But they have made and broken several bands.

Patrick Marceillof Sun Airway: You can make it without Pitchfork. ThereâÄôs different routes you can take. Usually if youâÄôre not on their list of best bands and youâÄôre doing well then you are probably on an NPR channel or some major media channel.

How do you feel about Pitchfork being an outlet that both books and judges you?

Eric Cardona of Twin Sister:

Well theyâÄôre just ruling everything arenâÄôt they? [Laughs]. I donâÄôt know; itâÄôs great. I mean, we feel so lucky that they wanted us to play here. ItâÄôs cool because thereâÄôs a lot of variety, so for them to pick up, it kinda feels like we have something to offer to the roster.

Murderbot: There could be a perception of a conflict of interest. But I know from my personal experience with [Pitchfork Music Festival] that the people who booked me and the people who are in charge of doing the lineup are very different people in a different time zone (because they have multiple offices) than the people who were responsible for reviewing my album. And I know the review was already scheduled before the [festival] thing happened. And it wasnâÄôt written yet. I donâÄôt think there was a, âÄúWeâÄôre gonna give this guy a good or bad album review to either promote him at Pitchfork or give him a controversy that will bring him to Pitchfork.âÄù I donâÄôt think there was a plot like that. I donâÄôt see cynical jockeying or conflict or interest surrounding it. But there is the question of, say, a guy works for Pitchfork and is charged with reviewing an album and sees that that person is on the lineup and will that affect his review? I have no idea. I mean, they gave me like a 7, a pretty middle-of-the-road review.

Barthmus: Yeah thatâÄôs a little weird. I mean itâÄôs only a good thing because they obviously like you enough to book you. But I guess they wouldnâÄôt write a really bad review of their own festival.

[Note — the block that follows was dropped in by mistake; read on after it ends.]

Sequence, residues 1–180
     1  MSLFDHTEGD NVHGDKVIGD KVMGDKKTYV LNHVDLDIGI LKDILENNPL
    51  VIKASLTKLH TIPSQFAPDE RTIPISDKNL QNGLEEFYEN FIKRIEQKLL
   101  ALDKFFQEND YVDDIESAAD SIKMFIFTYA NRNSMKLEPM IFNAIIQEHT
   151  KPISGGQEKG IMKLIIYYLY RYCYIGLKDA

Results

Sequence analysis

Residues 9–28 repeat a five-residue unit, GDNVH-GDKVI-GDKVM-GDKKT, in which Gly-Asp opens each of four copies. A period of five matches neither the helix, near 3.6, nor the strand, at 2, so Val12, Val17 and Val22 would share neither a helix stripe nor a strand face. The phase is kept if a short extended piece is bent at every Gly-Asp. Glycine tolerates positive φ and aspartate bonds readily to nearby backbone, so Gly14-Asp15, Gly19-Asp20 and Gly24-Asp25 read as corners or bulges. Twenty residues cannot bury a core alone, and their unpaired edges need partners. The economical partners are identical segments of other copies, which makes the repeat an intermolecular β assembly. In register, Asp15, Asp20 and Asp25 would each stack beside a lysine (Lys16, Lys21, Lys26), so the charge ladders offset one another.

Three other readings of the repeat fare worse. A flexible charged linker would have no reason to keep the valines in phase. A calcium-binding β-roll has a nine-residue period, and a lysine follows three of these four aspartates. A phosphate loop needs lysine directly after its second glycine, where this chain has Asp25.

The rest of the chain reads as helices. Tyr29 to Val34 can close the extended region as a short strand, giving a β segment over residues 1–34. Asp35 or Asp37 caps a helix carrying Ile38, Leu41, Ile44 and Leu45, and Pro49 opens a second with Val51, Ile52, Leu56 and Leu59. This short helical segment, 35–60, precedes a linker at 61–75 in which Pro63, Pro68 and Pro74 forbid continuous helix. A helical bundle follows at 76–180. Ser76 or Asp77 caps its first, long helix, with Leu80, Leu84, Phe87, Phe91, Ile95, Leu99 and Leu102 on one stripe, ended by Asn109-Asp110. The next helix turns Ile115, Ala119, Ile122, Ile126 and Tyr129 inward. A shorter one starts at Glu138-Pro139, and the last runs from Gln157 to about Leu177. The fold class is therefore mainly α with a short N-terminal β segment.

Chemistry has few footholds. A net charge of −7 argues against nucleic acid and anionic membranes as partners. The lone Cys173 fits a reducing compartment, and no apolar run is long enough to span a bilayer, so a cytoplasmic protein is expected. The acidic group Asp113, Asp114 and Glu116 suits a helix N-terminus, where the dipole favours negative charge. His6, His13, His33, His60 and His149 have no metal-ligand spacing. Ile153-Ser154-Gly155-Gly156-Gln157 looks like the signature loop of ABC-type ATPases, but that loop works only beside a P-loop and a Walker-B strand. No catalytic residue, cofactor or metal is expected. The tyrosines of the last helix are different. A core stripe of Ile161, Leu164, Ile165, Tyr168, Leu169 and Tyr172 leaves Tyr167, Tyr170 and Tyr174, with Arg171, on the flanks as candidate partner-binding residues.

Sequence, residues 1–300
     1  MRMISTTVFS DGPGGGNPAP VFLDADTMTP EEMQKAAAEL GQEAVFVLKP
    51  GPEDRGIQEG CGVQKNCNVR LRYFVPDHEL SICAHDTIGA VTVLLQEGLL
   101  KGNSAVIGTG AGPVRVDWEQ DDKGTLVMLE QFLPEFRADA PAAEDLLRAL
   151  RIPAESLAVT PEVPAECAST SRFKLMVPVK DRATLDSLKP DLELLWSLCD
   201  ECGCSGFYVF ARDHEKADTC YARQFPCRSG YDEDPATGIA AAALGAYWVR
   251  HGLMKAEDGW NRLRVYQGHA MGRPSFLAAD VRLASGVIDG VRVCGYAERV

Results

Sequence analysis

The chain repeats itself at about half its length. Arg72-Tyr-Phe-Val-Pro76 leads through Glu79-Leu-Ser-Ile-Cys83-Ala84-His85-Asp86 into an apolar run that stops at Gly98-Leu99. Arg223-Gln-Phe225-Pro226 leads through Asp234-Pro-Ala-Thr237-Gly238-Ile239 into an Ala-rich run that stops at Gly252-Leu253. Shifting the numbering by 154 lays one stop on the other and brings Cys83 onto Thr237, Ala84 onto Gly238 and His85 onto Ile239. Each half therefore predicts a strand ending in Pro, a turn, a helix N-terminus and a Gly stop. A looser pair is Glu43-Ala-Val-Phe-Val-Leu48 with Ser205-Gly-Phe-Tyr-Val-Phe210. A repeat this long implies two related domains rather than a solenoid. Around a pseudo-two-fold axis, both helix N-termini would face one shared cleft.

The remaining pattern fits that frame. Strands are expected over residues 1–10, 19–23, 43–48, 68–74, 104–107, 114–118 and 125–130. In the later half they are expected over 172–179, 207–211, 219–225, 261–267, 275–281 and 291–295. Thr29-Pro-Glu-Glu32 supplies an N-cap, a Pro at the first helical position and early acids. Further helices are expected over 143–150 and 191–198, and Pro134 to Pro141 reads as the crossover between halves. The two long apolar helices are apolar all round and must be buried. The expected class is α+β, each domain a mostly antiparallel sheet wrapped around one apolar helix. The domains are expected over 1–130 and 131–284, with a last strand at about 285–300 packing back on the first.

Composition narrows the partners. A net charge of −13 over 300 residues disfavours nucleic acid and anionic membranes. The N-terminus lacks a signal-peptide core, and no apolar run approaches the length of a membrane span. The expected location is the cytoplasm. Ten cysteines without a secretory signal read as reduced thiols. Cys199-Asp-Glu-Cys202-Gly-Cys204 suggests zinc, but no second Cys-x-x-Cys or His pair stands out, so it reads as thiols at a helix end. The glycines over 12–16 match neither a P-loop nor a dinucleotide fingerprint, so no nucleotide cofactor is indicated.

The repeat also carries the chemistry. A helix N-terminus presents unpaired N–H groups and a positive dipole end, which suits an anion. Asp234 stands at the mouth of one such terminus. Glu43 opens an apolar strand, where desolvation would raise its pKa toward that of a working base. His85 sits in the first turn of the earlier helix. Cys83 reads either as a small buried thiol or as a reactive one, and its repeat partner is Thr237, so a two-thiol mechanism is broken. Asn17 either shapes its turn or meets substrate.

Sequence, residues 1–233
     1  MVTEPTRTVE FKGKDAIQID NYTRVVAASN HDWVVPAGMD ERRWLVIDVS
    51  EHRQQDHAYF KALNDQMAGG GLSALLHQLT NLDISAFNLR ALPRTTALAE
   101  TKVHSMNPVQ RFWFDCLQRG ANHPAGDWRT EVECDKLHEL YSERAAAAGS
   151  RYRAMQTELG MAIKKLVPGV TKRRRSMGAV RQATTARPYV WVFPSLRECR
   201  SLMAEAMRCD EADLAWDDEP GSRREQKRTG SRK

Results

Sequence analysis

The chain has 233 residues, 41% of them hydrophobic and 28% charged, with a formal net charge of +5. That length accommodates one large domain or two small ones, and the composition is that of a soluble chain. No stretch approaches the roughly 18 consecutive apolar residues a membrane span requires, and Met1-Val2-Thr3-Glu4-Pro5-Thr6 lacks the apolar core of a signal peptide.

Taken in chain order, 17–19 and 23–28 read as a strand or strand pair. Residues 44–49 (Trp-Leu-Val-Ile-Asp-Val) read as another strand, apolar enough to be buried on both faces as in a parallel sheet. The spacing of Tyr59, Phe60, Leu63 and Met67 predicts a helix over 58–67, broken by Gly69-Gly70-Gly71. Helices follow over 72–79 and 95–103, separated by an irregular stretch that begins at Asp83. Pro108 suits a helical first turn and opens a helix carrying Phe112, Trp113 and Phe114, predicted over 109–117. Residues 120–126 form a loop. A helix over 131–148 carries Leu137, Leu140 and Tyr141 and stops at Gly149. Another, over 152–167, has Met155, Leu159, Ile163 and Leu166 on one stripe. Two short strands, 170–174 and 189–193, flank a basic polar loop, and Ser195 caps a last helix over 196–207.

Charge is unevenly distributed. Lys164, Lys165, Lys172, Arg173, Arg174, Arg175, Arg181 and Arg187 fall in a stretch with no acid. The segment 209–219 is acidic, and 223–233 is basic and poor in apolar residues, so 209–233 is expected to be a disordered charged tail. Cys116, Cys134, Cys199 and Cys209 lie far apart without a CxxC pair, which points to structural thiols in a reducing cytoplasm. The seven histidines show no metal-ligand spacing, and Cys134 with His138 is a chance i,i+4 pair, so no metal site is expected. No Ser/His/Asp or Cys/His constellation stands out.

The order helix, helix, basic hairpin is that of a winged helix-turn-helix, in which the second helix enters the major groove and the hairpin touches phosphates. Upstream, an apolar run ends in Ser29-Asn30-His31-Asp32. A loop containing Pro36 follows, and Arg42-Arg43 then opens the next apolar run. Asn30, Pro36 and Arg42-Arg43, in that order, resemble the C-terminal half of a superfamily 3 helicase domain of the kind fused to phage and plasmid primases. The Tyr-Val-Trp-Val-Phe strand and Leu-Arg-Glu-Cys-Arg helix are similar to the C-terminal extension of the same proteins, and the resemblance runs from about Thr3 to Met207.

For awhile this hipster/indie scene was kind of an exclusive cool kids club, but, as evidenced by the wide range of people and demographics [at Pitchfork Music Festival], it seems to have really spread. Your thoughts?

Cardona: I think itâÄôs great. To me that just sounds like these bands are getting into more peopleâÄôs heads.

Bryan Ujueta of Twin Sister: ThereâÄôs only so many cool people until you gotta get to regular people. What was the joke we had the other day? Like imagine going to Madison Square Garden and everyone there was like [expletive] cool. ItâÄôs impossible; there arenâÄôt that many cool people, even in New York. IâÄôm sure some uncle would be there and a bunch of girls from college âÄî thereâÄôs only so many people. If you wanna grow, thereâÄôs no other way.

Is there anything you particularly dislike about the culture?

Murderbot: You know, I could say thereâÄôs so many trend-[expletive] hipsters who donâÄôt have any genuine taste in anything and they pretend to like things because itâÄôs cool and that bothers me. But that is everywhere. I just notice it in indie culture because itâÄôs not the culture I come from. And IâÄôm so used to it in dance-music culture that itâÄôs passé to me, you know? [Laughs]. It doesnâÄôt even show up on my radar anymore. The annoying [expletive] about every scene is the same annoying [expletive] about every other scene. ThereâÄôs nothing exceptionally different; itâÄôs just different instances of the same phenomena.